Participants who chose bug killing had the highest scores on a scale measuring sadistic impulses, just as the researchers predicted. The more sadistic the participant was, the more likely he or she was to choose bug killing over the other options, even when their scores on Dark Triad measures, fear of bugs, and sensitivity to disgust were taken into account.
Participants with high levels of sadism who chose to kill bugs reported taking significantly greater pleasure in the task than those who chose another task, and their pleasure seemed to correlate with the number of bugs they killed, suggesting that sadistic behavior may hold some sort of reward value for those participants.
And a second study revealed that, of the participants who rated high on one of the "dark" personality traits, only sadists chose to intensify blasts of white noise directed at an innocent opponent when they realized the opponent wouldn't fight back. They were also the only ones willing to expend additional time and energy to be able to blast the innocent opponent with the noise.
Together, these results suggest that sadists possess an intrinsic motivation to inflict suffering on innocent others, even at a personal cost -- a motivation that is absent from the other dark personality traits.
The researchers hope that these new findings will help to broaden people's view of sadism as an aspect of personality that manifests in everyday life, helping to dispel the notion that sadism is limited to sexual deviants and criminals.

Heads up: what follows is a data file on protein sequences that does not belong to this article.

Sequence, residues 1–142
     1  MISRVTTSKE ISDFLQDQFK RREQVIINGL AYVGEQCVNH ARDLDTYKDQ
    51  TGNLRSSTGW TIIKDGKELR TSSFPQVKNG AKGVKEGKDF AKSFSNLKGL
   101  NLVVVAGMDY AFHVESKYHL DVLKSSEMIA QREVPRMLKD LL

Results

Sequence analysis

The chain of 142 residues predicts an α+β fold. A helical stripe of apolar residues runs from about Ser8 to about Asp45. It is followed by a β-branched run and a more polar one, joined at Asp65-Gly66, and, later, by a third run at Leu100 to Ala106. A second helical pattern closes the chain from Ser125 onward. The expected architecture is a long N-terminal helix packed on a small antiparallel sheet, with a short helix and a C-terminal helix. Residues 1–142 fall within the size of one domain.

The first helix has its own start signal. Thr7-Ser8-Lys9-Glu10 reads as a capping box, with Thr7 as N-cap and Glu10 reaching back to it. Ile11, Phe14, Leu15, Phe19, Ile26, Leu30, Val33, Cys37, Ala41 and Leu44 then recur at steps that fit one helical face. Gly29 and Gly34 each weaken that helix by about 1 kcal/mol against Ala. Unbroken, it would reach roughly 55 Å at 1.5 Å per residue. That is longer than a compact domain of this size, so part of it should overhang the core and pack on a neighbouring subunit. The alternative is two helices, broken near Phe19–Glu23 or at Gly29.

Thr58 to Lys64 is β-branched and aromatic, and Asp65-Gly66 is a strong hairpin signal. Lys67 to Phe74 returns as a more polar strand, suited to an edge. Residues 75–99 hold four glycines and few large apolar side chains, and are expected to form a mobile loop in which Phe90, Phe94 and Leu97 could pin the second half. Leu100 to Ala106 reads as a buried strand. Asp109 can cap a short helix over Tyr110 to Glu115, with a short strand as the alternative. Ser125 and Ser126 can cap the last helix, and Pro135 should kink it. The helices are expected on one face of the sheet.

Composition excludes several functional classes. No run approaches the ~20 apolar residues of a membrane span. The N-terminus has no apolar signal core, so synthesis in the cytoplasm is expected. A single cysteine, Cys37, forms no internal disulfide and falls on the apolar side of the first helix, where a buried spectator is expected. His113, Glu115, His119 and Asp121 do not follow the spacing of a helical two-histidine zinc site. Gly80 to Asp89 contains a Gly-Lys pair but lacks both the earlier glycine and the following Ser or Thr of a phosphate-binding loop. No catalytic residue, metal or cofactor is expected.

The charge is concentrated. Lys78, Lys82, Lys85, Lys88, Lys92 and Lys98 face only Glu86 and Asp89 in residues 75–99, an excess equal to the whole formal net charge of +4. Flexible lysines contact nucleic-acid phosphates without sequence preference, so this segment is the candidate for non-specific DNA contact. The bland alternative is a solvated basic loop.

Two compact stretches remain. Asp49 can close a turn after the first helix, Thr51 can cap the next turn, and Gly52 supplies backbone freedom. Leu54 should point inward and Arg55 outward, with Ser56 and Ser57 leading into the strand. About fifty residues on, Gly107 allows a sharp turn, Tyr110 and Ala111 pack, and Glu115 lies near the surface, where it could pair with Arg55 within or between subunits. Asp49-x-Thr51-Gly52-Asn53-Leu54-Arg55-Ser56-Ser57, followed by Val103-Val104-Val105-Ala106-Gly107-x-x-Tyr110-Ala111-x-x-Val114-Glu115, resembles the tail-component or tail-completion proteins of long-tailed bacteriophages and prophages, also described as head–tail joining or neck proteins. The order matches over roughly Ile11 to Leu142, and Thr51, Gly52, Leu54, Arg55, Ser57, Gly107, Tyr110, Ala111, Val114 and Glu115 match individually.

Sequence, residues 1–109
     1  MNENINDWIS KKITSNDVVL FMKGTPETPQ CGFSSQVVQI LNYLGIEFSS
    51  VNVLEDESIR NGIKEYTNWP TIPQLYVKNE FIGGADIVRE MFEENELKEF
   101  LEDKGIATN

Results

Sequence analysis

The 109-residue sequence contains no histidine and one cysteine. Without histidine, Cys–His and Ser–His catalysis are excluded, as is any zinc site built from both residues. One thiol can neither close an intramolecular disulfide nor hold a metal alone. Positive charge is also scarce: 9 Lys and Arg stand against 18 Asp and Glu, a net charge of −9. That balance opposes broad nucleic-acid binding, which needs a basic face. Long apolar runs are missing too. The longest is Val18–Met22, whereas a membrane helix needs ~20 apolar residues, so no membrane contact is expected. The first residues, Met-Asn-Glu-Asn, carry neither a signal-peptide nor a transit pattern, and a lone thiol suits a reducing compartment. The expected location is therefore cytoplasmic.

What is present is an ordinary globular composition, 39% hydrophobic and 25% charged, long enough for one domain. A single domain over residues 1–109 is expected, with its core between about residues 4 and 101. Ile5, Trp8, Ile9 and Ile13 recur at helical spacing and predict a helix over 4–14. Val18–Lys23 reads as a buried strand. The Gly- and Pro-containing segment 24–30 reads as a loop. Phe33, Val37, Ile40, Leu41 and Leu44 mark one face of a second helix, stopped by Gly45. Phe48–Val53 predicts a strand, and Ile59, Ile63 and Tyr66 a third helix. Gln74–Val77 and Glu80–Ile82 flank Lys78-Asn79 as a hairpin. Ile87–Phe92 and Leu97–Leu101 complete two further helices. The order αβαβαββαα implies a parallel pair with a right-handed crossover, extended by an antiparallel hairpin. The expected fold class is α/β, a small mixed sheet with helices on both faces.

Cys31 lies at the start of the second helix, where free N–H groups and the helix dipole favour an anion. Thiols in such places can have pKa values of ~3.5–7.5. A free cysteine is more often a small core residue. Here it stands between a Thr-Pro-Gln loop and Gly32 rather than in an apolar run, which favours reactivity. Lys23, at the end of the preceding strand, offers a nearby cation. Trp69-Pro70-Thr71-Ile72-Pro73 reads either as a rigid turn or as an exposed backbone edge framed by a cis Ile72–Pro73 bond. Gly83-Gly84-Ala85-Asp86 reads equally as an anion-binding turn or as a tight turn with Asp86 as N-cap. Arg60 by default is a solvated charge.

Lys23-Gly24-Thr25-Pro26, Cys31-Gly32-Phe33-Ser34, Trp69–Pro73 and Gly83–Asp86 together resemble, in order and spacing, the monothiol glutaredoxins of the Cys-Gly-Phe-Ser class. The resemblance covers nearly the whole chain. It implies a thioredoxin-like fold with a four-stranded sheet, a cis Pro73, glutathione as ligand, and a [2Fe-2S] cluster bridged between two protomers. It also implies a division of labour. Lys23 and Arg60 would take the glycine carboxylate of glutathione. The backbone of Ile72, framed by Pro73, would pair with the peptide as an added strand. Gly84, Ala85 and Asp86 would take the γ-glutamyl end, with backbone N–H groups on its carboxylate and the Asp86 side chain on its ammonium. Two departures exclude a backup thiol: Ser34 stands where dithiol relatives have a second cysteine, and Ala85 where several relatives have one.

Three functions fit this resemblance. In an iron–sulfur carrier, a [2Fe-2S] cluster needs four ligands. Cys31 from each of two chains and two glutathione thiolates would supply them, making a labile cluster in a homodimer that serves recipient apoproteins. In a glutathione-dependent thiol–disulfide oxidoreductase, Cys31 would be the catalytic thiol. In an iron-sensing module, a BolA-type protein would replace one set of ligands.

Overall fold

Buckels and colleagues are continuing to investigate everyday sadism, including its role in online trolling behavior.
"Trolling culture is unique in that it explicitly celebrates sadistic pleasure, or 'lulz,'" says Buckels. "It is, perhaps, not surprising then that sadists gravitate toward those activities."
And they're also exploring vicarious forms of sadism, such as enjoying cruelty in movies, video games, and sports.
The researchers believe their findings have the potential to inform research and policy on domestic abuse, bullying, animal abuse, and cases of military and police brutality.
"It is such situations that sadistic individuals may exploit for personal pleasure," says Buckels. "Denying the dark side of personality will not help when managing people in these contexts."
For more than two decades, New York photographer Barbara Nitke has cultivated an artistic viewpoint on the porn industry and BDSM communities.
Nitke visited IU Thursday to talk about her photographic work in the porn industry.